Lighting research supporting walking and cycling after dark
During the period of restricted mobility and social interaction more people are walking and cycling. The UK government appears to be taking advantage of this and is supporting infrastructure improvements to support walking and cycling after travel restrictions are lifted. Encouraging people to walk or cycle rather than to drive, or not to leave the house at all, has major benefits for the whole population, including reduction in air pollution and congestion (fewer motorised vehicles) and improved personal health through physical activity.
Due to the seasonal change in times of sunrise and sunset, some journeys may be made after dark. One response to Covid-19 is a proposal to stagger the working day which may lead to more commuting taking place in hours of darkness. Research led by Steve Fotios and Jim Uttley from Sheffield University’s Lighting Research Group has targeted lighting for walking and cycling after dark. Good lighting gives people the reassurance to walk or cycle – they think it will be safe. We have demonstrated this through qualitative research (stated preferences) and by counting travel flows under different lighting conditions (revealed preferences). Good lighting can make it safer to walk or cycle – they are better able to see potential hazards. We have demonstrated this by testing the effect of changes in lighting on the key tasks of pedestrians and cyclists, as established using mobile eye tracking. We have used these findings to revise the guidance and technical reports issued by national and international bodies for lighting.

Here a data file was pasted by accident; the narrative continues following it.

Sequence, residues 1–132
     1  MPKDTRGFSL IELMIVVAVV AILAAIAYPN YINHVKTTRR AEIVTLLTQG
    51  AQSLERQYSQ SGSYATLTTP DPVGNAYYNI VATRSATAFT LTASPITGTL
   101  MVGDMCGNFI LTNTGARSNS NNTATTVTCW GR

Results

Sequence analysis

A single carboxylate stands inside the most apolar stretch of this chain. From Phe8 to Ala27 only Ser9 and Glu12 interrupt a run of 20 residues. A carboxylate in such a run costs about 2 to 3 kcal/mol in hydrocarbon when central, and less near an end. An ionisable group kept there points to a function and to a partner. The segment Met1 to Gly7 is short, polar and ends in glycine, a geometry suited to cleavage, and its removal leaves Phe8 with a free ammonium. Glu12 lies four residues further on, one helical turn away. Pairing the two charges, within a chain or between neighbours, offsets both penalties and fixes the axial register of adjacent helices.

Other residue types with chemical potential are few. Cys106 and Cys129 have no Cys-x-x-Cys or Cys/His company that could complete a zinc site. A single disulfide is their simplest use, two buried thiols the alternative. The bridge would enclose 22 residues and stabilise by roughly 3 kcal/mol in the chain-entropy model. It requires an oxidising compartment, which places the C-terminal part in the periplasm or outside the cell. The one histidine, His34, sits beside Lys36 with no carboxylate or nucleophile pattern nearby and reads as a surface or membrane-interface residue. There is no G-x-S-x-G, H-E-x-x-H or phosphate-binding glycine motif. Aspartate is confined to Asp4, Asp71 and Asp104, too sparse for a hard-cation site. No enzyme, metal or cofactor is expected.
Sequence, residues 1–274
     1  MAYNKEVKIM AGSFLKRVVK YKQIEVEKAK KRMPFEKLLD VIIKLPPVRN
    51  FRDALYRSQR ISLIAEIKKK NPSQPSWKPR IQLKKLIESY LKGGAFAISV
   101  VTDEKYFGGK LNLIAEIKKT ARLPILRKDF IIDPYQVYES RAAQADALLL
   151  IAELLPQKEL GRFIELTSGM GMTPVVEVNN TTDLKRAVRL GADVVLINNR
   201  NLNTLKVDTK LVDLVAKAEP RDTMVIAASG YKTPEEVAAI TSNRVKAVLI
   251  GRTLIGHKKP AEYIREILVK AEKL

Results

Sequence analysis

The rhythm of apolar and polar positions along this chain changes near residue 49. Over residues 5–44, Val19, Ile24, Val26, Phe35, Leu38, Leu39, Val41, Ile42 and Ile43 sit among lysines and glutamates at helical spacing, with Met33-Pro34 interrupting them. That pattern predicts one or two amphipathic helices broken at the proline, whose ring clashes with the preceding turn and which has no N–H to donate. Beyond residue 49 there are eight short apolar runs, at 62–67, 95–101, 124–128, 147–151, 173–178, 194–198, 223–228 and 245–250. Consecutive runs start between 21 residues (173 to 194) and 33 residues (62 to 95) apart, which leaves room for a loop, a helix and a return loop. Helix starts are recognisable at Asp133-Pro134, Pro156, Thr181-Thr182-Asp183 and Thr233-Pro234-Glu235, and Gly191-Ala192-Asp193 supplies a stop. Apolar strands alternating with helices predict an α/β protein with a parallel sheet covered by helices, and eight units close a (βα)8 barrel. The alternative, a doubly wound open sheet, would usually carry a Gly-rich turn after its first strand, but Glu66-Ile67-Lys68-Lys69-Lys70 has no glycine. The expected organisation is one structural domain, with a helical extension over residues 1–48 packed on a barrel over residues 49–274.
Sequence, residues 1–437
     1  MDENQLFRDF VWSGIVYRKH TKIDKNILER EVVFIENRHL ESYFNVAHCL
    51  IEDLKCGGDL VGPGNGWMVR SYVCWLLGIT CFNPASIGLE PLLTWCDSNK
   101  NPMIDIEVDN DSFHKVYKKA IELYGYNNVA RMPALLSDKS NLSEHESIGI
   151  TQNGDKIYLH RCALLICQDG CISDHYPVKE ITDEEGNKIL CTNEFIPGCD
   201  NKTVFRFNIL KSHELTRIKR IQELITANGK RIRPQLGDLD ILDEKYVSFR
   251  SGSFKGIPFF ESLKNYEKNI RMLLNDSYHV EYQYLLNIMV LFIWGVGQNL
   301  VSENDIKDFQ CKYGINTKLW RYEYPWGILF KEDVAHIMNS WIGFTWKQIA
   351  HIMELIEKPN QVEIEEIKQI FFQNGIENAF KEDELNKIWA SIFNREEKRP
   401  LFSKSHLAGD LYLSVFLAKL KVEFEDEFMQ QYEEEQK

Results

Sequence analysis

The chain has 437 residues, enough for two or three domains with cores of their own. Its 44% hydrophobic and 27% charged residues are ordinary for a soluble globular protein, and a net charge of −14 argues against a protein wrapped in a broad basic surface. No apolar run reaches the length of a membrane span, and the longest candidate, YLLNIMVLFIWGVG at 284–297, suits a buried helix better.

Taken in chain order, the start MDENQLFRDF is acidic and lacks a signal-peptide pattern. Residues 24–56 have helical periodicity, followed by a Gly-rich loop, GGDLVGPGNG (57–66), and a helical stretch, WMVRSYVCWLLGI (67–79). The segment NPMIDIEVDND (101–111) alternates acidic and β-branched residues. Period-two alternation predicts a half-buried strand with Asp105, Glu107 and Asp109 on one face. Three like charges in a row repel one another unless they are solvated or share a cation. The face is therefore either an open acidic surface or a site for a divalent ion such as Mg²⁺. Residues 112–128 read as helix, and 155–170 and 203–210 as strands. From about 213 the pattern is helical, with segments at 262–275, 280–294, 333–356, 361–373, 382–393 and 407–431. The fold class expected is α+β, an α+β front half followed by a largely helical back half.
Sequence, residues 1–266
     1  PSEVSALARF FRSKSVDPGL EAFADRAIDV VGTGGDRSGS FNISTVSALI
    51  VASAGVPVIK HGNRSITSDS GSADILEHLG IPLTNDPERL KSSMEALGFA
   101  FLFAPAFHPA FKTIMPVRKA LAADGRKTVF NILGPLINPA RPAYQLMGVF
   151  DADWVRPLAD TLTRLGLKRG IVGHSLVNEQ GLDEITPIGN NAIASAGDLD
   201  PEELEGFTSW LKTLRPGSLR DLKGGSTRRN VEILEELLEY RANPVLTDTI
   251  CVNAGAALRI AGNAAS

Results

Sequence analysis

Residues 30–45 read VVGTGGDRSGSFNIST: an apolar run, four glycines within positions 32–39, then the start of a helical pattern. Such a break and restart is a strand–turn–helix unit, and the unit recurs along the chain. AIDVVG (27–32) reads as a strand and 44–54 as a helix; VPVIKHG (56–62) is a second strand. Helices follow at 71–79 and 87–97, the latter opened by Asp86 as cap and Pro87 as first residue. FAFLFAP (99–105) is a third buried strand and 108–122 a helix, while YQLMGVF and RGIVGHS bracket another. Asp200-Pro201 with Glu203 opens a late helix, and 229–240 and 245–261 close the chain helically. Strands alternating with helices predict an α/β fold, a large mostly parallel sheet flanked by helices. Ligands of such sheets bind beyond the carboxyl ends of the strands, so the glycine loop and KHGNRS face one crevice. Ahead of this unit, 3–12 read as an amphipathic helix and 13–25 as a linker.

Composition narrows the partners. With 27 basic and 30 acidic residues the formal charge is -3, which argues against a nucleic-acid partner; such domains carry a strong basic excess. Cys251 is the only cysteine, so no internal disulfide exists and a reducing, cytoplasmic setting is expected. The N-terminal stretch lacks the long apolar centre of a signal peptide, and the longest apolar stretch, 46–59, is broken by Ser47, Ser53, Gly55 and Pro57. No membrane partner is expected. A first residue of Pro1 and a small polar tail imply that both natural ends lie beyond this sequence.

Our latest publication shows the association between the brightness of road lighting and cycling rates.
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